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Death Valley National Park

Saline Valley

Saline Valley is located in the northwestern portion of Death Valley National Park, northwest of Death Valley and east-northeast of the Owens Valley.

Saline Valley is a remote and desolate area located within Death Valley National Park. It is known for its unique natural features and breathtaking landscapes. This document aims to provide an informative overview of Saline Valley while adhering to the instruction of refraining from conversational behavior.

Saline Valley is situated in the northern part of Death Valley National Park, encompassing an area of approximately 200 square miles. Its vast salt flats, rugged mountains, and hot springs characterize it. The valley is surrounded by the Inyo Mountains to the east and the Saline Range to the west, creating a striking backdrop against the barren landscape.

One of the notable features of Saline Valley is the Saline Valley Salt Tram, a historic tramway that was used in the early 1900s to transport salt from the valley to Owens Lake. Although the tram is no longer operational, remnants of the tramway can still be seen, serving as a reminder of the valley's rich history.

The valley is also home to several natural hot springs, which are a popular attraction for visitors seeking relaxation and rejuvenation. These hot springs offer a unique opportunity to soak in the warm waters while surrounded by the vastness of the desert. However, it is important to note that the hot springs in Saline Valley require a high-clearance vehicle and advanced planning due to the remote and rugged nature of the area.

In addition to its natural wonders, Saline Valley provides opportunities for outdoor activities such as hiking, camping, and photography. The valley is home to various desert flora and fauna, including Joshua trees, desert bighorn sheep, and various birds. Exploring the valley on foot allows visitors to appreciate this remote location's tranquility and its sense of solitude.

It is important to note that Saline Valley is a remote and harsh environment, and visitors must come prepared with appropriate supplies, including food, water, and navigation tools. The extreme temperatures and lack of amenities make planning and being self-sufficient while exploring this area crucial.

Saline Valley is a hidden gem within Death Valley National Park, offering a unique and off-the-beaten-path experience for those willing to venture into its remote reaches. Its rugged beauty, natural hot springs, and rich history make it a destination for nature enthusiasts and adventurers.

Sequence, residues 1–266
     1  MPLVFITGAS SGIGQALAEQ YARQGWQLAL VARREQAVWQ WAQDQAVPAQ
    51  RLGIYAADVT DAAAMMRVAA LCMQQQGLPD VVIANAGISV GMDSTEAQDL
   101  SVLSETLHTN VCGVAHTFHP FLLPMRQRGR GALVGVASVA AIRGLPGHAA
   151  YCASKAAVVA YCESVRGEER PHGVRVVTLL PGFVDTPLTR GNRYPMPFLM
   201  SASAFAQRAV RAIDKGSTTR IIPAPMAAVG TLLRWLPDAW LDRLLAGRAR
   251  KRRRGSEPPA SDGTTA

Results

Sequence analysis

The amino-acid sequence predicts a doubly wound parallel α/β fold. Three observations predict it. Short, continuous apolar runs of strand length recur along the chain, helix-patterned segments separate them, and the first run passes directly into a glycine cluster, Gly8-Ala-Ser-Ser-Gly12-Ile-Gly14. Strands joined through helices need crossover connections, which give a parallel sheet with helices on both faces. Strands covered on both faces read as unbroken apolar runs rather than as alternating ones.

In conclusion, Saline Valley in Death Valley National Park is a captivating destination showcasing the desert landscape's raw beauty. Its salt flats, mountains, hot springs, and historic tramway provide a glimpse into the area's rich natural and cultural heritage. Whether you seek solitude, relaxation, or adventure, Saline Valley offers a unique experience that will leave a lasting impression.

map of Saline Valley

Saline Valley Photos

Saline Valley Sand Dunes

Low and sweeping, the Saline Valley sand dunes grace the salt lake near ...

Conn Trudo Borax Works

Borate minerals were extracted here years before both the ...

Warm Springs

Warm Springs and Palm Spring, in the Saline Valley, have been popular ...

Saline Valley Salt Works

During World War I, nearly pure salt was extracted from the ...

Saline Valley Salt Tram

Remarkably pure salt was extracted from the brine in the Saline Valley ...

Grapevine Canyon Wildflowers

Spread across the alluvial fan ascending Grapevine Canyon at the southern end of ...

Marble Canyon

In a narrow canyon along the northern entrance to the Saline Valley, is a ...

Natural Features

Hot springs, a dry lake with a salt marsh and sand dunes are natural features of the valley.

    Saline Valley Geology

    One needs to be in a particular mood to visit the Saline Valley. The access is long, often ...


Saline Valley was inhabited in late prehistoric times by the Timbisha (also known as Panamint or Koso). The Timbisha Shoshone were relocated from the area in 1933 to nearby Darwin, California.

The Conn and Trudo Borax Company mined borax in the valley from 1874 to 1895. Salt mining began in 1903 and continued into the 1930s. An aerial tramway was constructed in 1911 to carry salt 13.5 miles from an elevation of 1100 ft in the Saline Valley, to 8500 ft. over the Inyo Mountains, then down again to 3600 ft. in the Owens Valley.

Shoshone Indians

At the time of major white penetration of the Great Basin and the Snake River areas in the 1840s, ...

    Timbisha Shoshoni

    To the people who lived in the area for more than a millennium, the valley's resources offered ...

    Western Shoshoni Myths

    While the beliefs of other Shoshonean tribes are fairly well documented, there is little ...

Mining History

    Saline Valley Salt

    The presence of mineable salt in the Saline Valley was noticed as early as 1902, but due to its inaccessibility, it was not until ...


    Probably the most inaccessible gold-producing district in Inyo County, and also its most productive, has been Beveridge. ...


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These items are historical in scope and are intended for educational purposes only; they are not meant as an aid for travel planning.
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